According to Charity Navigator, in 2013 individuals gave $335.17 billion to organizations with a mission of positive social impact. 64.5 million Americans (26.5 percent of the population) volunteered time to a social cause. Many of us have the desire to give, and a growing number are committing themselves to full time work within socially minded organizations. No matter how much time, money or energy someone invests into a nonprofit or charitable organization, project, or product, the common thread is a shared hope for producing as much good as possible. How can we ensure that our investments have the greatest impact and are not going to waste, or worse, resulting in unintended negative consequences?
Four simple but critical questions can help anyone, from an individual donor to the head of a social good organization, improve the outcome of their social impact investments. The four questions, posed by InSTEDD CEO Eduardo Jezierski, are elements of a systems thinking approach for social impact. This approach looks at "problems" as part of an overall system, rather than as a specific, stand alone aspect. By taking into account all possible outcomes and consequences, including those unintended or indirect, social impact investments can be insured the greatest impact.
Four Questions to Insure Better Investing in Social Impact
- Is it needed?
- Does it work?
- Will it get to those who need it?
- Will they use it correctly?
While seemingly basic, even some of the biggest, most well funded social investment projects have overlooked the questions above, and subsequently experienced suboptimal results. The One Laptop per Child (OLPC) initiative is a prime example. A much hyped project to provide laptops to the poorest and most marginalized students, OLPC by its second year in 2006, had already generated $20 million in start-up investment and established sponsorships and partnerships with major IT industry players. It raised a total of $35 million in investment by 2007, but saw a 90 percent decrease the next year, and by the end of 2010 the OLPC organization reported it was out of money. In 2014, the laptop was officially discontinued. How does OLPC fair against the four questions?
- Was it needed? Schools in low-income areas had other, more urgent needs: student to teacher ratios were sometimes over 100 students to one teacher; they lacked basic assets such as clean water and sanitation; and children were coming to school hungry. A laptop was not the most pressing need to many of the schools where they were delivered.
- Would it work? Laptops arrived at schools with limited electricity, making it difficult to keep them powered. The in-house built operating system for the laptops was released with major bugs and glitches. Replacement parts and tech support for the laptops were unavailable locally, and even regionally for some schools, leaving many of the laptops inoperable after limited use.
- Would it get to those who need it? OLPC did not have a strong supply chain to deliver laptops to remote schools. It became so difficult, the head of the initiative even tried dropping them out of a helicopters.
- Would they use it correctly? OLPC produced innovative hardware, but had limited teacher training and curriculum components to go with the laptops. Without a lesson plan, the devices were seriously ineffectual.
Along with learning from those who faced hardship by ignoring the systems thinking questions, we can learn from those who are excelling at asking them thoughtfully. Kevin Starr, president of the Mulago Foundation speaks about how his organization asks specific questions to select its investments for social impact in his 2010 PopTech talk. Starr emphasized a set of assessments and measurement tools that make sure their investments get the biggest bang for their bucks.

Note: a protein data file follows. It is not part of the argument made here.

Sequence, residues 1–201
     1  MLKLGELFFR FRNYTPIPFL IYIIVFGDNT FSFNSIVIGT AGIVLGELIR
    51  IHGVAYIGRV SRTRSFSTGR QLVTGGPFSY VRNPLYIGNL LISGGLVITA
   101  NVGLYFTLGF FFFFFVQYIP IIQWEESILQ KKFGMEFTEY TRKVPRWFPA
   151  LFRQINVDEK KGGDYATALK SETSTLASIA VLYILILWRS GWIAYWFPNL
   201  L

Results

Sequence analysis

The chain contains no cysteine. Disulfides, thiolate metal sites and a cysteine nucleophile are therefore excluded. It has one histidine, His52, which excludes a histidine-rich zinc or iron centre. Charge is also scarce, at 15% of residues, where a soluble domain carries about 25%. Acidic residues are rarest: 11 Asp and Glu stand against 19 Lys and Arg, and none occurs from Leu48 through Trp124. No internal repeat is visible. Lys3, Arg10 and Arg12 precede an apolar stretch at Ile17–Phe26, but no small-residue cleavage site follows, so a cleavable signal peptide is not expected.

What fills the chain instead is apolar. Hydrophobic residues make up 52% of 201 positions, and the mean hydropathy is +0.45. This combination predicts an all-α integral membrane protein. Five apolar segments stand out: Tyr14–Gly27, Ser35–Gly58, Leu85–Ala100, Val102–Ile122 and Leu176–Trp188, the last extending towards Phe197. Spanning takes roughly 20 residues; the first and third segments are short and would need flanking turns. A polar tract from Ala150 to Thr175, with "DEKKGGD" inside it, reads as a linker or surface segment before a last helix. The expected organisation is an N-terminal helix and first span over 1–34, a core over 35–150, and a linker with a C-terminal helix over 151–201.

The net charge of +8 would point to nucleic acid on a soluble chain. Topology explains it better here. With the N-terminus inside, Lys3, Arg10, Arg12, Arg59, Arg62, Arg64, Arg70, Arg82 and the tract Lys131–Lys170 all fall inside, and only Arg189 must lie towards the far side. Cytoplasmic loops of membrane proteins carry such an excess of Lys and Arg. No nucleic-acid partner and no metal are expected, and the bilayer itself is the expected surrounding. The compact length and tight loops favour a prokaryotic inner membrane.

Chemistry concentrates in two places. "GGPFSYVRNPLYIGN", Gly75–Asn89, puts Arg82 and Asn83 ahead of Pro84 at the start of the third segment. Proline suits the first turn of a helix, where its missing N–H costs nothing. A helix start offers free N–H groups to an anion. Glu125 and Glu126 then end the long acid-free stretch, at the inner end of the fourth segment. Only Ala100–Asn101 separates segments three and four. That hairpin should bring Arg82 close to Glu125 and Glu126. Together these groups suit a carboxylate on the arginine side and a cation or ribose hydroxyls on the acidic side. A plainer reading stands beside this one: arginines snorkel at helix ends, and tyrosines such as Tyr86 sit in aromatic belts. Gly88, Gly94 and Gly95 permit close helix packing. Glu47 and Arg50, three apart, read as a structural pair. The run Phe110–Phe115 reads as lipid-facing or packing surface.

By operating more like a philanthropic venture fund than a traditional charitable organization, the Mulago Foundation has been able to find and invest in promising early stage social impact initiatives with scalable solutions inside organizations that can deliver them. The Kickstart organization exemplifies Mulago investments, it has helped 167,000 families create successful new businesses and wealth with the Money Maker Pump -- a human powered water irrigation device that meets farmers needs, is simple to use, and has a local delivery and maintenance infrastructure. The water pump has been credited with lifting 840,000 people out of poverty.
At InSTEDD, the four questions are an effective means of anticipating and overcoming obstacles for new and emerging initiatives. Currently, the systems approach is being applied to the development of a connected diagnostics initiative, a game changing innovation in the fight against disease and deadly outbreaks. The potential to connect diagnostic devices to the cloud for rapid results and big data analysis is a tremendous opportunity that could save hundreds of thousands of lives by getting rapid diagnosis to the patient, and giving responders a real time perspective of the geography and severity of disease outbreaks. The 2014 Ebola outbreak peaked during the evolution of the connected diagnostics initiative, and prompted InSTEDD to use the event to explore effectiveness of the response with systems thinking assessments. The assessment revealed three areas where we can better prepare for the next outbreak and uncovered the need and potential obstacles for the connected diagnostics initiative.
The four questions for better investing in social impact are a starting point for analyzing a single investment donation, but can also be part of an ongoing and iterative process for an organization to increase its impact.
Are there other questions that you think are fundamental to maximizing social impact? Do you want to learn more about the systems approach to social impact and the role of Labs in the approach? Read the stories of system thinkers in LabCraft, the book.